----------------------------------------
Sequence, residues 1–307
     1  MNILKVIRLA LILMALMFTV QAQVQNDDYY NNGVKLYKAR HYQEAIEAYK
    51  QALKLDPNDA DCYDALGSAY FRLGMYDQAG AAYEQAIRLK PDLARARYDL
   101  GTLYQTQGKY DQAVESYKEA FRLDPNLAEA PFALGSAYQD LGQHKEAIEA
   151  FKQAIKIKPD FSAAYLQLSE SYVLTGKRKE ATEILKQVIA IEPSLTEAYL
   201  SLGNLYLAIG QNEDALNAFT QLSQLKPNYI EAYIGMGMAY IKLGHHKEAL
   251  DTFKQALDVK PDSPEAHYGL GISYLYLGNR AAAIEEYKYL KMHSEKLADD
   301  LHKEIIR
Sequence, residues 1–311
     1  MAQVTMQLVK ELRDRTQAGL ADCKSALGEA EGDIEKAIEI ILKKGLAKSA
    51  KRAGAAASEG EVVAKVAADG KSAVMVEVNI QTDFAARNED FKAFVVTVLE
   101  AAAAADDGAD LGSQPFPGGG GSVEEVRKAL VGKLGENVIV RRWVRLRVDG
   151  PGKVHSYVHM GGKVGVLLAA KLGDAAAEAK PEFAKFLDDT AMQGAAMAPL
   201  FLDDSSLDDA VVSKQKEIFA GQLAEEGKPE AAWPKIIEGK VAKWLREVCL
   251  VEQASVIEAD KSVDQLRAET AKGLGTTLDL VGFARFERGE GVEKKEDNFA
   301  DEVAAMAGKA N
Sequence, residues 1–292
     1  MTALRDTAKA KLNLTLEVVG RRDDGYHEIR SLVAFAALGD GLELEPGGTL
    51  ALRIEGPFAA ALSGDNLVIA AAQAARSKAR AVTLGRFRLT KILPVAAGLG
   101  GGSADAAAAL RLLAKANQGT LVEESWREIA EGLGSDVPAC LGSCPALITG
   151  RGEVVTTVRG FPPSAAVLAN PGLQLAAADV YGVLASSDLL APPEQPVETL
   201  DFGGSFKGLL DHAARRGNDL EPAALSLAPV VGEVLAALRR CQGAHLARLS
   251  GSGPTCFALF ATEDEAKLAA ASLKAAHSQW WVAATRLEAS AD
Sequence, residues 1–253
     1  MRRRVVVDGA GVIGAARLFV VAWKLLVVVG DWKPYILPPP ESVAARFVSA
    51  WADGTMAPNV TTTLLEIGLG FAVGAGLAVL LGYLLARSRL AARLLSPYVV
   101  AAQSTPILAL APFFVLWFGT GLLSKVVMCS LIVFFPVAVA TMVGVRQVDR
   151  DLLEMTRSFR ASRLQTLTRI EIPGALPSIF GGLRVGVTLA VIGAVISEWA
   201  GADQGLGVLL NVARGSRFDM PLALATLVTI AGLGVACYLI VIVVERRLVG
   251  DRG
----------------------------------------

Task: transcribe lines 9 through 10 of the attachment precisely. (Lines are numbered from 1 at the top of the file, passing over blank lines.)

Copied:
Sequence, residues 1–311
     1  MAQVTMQLVK ELRDRTQAGL ADCKSALGEA EGDIEKAIEI ILKKGLAKSA